water treatment chemicals, poor performance of condensate polishers and subsequent turbine
corrosion, high boiler carry-over leading to turbine deposits and stress corrosion cracking, and
flow-accelerated corrosion.

Table 2

Examples of Problems Experienced During Commissioning

No. Problem Root Cause Solution

Combined Cycles
1 Corrosion of HRSG panels HRSGs not completely drained Preoperational chemical
after hydrotesting during after the factory hydrotest and cleaning; not originally
storage and shipment not protected during shipment planned
and storage

2 Corrosion of HRSG during Unit not properly stored during No action taken
unprotected storage - 11 tons construction and heavy
of Fe removed during pre-op corrosion of boiler surfaces by
cleaning wet salt air.
3 Cycle contamination with Condenser tubes buckled and Plug leaking tubes, fill and
seawater - several condenser pulled away from tube sheets, drain both HRSGs four times,
tube leaks during tubes rupture due to improper operation on turbine bypass
commissioning, including venting, lack of monitoring, for 7 days to achieve HP
three major leaks (chloride poor communication between steam purity limits
up to 16,000 ppm in boiler chemists and operators

4 During commissioning, unit 23 condenser tubes had broken, Two chemical cleanings were
was shut down due to failure resulting in massive required (see details in Case 5
of the HP steam bypass contamination of system, leak below) and commissioning
valve to close past 45% due not detected due to inoperable was delayed over 7 months
to heavy dark gray deposit and insufficient monitoring,
(47.7% Cl) disregard for chemistry

5 Brackish water Chemical cleaning of the HRSG Inspections, testing to

contamination (Case 4) after a condenser leak was determine how to clean
results in heavy deposits poorly controlled and the high system, second corrective
(0.25 inch (6 mm) thick in concentrations of chloride and chemical cleaning using a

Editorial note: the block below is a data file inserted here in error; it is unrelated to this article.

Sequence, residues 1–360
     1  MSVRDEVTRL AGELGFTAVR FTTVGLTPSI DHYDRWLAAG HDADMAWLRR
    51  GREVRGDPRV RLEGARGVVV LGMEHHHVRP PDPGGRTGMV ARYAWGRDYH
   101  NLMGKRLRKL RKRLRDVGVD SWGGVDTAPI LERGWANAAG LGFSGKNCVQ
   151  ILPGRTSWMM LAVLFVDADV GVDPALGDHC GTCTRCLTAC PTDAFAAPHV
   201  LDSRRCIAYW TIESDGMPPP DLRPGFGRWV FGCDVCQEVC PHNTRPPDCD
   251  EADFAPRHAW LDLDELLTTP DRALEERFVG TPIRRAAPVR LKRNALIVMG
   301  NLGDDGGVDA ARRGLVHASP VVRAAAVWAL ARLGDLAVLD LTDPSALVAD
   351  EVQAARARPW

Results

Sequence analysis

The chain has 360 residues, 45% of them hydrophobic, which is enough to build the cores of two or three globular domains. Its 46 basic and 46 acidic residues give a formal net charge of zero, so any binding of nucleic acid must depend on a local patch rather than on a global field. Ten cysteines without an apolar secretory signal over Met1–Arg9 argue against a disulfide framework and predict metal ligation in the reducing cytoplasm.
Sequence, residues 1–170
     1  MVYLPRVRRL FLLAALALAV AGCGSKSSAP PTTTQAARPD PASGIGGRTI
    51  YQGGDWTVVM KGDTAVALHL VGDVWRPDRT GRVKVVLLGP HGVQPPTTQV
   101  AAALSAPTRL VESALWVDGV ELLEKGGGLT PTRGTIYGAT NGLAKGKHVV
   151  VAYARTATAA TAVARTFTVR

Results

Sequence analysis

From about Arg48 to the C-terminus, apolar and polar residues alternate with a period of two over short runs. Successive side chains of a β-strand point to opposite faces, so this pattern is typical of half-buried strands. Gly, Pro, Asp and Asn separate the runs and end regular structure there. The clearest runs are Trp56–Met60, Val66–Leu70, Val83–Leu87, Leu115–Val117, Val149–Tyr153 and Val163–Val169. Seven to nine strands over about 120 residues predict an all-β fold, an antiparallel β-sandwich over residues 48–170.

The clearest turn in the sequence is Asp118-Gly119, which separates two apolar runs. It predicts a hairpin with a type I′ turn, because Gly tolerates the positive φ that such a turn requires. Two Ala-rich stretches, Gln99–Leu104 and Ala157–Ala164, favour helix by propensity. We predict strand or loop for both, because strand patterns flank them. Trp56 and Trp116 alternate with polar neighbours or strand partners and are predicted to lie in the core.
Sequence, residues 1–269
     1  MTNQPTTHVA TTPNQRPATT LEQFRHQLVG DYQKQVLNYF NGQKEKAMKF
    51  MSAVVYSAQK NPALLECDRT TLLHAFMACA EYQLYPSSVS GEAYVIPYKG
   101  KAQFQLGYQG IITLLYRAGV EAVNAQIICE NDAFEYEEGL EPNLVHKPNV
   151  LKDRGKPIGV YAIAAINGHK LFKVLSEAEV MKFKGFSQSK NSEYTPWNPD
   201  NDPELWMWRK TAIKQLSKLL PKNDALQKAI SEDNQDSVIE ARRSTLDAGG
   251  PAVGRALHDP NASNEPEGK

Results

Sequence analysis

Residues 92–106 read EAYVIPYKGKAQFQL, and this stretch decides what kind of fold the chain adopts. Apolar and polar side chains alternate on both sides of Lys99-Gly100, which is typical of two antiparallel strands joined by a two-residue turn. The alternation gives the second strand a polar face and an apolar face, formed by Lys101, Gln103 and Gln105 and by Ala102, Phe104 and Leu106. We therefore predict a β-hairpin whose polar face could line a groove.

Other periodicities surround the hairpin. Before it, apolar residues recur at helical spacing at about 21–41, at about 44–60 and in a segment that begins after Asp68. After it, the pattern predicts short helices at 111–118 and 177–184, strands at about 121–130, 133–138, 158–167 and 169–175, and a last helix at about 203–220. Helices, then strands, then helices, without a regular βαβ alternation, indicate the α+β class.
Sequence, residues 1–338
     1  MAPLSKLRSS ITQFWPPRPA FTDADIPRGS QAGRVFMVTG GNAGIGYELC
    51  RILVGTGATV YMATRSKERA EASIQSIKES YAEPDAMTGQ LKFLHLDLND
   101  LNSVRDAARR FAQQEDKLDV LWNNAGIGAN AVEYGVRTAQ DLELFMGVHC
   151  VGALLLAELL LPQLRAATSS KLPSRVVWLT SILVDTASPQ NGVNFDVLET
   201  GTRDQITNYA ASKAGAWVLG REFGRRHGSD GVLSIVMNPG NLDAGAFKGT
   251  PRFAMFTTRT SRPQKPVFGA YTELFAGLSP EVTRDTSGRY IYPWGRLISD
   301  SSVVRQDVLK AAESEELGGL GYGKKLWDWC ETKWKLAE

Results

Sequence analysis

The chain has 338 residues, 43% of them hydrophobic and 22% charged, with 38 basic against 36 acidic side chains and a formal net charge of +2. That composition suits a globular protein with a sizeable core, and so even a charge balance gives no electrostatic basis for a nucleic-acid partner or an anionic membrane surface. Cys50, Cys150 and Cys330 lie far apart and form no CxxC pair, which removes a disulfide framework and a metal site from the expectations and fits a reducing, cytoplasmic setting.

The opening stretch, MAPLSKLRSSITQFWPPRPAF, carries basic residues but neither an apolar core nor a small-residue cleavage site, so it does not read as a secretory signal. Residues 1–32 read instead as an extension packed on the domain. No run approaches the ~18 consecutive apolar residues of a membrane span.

primary superheater tubes iron in the system overwhelmed special phosphoric acid
(Figure 1). Corrective the citric acid and inhibitor. solution was performed
chemical cleaning stopped before the citric acid cleaning
due to iron citrate and tarry was restarted
organic deposit formation;
Figure 2

6 Steam cation cond. limits not The organic water treatment Water treatment programs
met due to high chemicals being used were modified to use non-organic
concentration of organic breaking down in the boiler and water treatment chemicals
acids. These acids also superheater to form volatile such as ammonia, hydrazine
increased flow-accelerated organic acids which were (carbohydrazide), and sodium
corrosion of carbon steel transported throughout the cycle phosphate or scavenger
components resulting in high concentration reduced
iron in boiler water.
Occurred in many HRSGs.

7 Flow-accelerated corrosion HRSGs designed using carbon Increase of pH and DO.

(FAC) of carbon steel HRSG steel in high velocity sections Newer HRSGs are designed
components. Occurred in which were within the with low alloy steels in areas
hundreds of HRSGs. temperature range where FAC is which are most susceptible to
prevalent FAC

8 Hydrogen damage of HRSG Seawater contamination of Replaced damaged tubes,

tubes and turbine pitting makeup storage barge, dumped contaminated water,
insufficient monitoring tightened chemistry control
9 Flow-accelerated corrosion Water chemistry - Replaced with stainless steel,
of IP and LP drum internals decomposition of organics, low reduced organics and
(Figure 3), Fe in blowdown pH, high conc. of oxygen scavenger
up to 15 ppm scavenger, design - high flow
Conventional Fossil Boiler Units
10 Seawater contamination - Due to improper installation and System drained and refilled 5
condenser tube leak loss of cooling water while times with demin. water.
increased sodium dumping steam, one condenser Condenser tube plugs re-
concentrations and tube plug falling out and six installed. Boiler and turbine
conductivity around the loose. The chemistry control inspection - OK. Chemical